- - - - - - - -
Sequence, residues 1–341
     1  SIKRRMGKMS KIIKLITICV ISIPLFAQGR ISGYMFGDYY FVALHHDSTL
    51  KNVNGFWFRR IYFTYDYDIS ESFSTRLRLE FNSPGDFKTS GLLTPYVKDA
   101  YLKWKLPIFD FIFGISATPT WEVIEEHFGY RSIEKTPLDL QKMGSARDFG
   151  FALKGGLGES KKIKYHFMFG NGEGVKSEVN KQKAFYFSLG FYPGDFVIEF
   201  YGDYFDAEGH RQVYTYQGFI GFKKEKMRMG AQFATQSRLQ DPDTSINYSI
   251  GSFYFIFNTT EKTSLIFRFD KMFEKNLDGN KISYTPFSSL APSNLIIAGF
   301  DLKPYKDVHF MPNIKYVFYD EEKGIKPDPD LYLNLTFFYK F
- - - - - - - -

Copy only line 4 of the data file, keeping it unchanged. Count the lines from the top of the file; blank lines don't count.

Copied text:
   101  YLKWKLPIFD FIFGISATPT WEVIEEHFGY RSIEKTPLDL QKMGSARDFG